God’s eternal power and character cannot be seen. But from the beginning of creation, God has shown what these are like by all he has made” (Rom. 1:20). Many miss the majesty of God’s creation, but one boy on the Swiss-Italian border got the message.
Anselm grew up on breathtaking St. Bernard. His mother frequently reminded him of the Creator, and Anselm imagined God living among the Alps. In his mid-teens Anselm, quarreling with his father, entered a French monastery where he expanded his knowledge of God through study of Scripture. His keen mind and mature faith led to repeated calls from England, and eventually Anselm crossed the channel to become archbishop of Canterbury.
His life and teaching breathed of Christ. Belief in God, Anselm felt, was rational and logical, not a blind leap of mindless faith. The beauty of creation evidenced God’s existence; and furthermore, the very fact that our minds could imagine an infinite, loving God gave evidence that he existed. Anselm’s famous argument for God’s existence said that if God could exist in our minds, he could exist in reality.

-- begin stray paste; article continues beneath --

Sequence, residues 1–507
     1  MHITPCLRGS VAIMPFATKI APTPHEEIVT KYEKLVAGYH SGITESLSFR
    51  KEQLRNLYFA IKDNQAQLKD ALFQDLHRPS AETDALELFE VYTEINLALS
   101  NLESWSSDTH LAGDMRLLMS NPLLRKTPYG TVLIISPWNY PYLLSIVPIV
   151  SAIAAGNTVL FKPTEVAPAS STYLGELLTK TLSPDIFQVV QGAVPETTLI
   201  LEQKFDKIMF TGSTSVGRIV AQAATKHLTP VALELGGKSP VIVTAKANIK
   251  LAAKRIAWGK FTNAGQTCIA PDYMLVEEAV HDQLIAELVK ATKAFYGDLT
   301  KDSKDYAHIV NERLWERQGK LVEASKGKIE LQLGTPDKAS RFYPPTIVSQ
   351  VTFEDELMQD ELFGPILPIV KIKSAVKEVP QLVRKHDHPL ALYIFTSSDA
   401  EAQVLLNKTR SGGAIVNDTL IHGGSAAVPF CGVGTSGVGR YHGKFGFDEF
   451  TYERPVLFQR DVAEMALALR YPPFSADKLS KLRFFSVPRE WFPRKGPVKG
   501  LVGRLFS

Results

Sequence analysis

But Anselm’s deepest writings were on the atonement, which he defined as Christ’s blood being a “satisfaction” made to God by the Lord Jesus. Love of Christ’s atonement brought Anselm comfort when he found himself in the crossfire between the pope and English king. The redheaded King William Rufus (Rufus the Red) was profane and violent. He reputedly arose a worse man every morning, and went to bed a worse man every night. He enjoyed seeing animals and men tortured, while Anselm would go out of his way to save a hare.
Banished and recalled, exiled and returned, Anselm bore his trials with strength until April 21, 1109, when, surrounded by friends, he passed away at age 76 as morning was breaking. Friends lifted his dying body from the bed and placed it on ashes in the floor. Thus he met his Creator face to face, whom he had first recognized in the beauty of the Alps and in the pages of the Holy Bible.
I look to the hills! Where will I find help? It will come from the Lord, Who created the heavens and the earth. The Lord is your protector, And he won’t go to sleep or let you stumble. The protector of Israel doesn’t doze or ever get drowsy. (Psalm 121:1-4)
Robert J. Morgan, On This Day : 265 Amazing and Inspiring Stories About Saints, Martyrs & Heroes, electronic ed. (Nashville: Thomas Nelson Publishers, 2000, c1997). Apr. 21.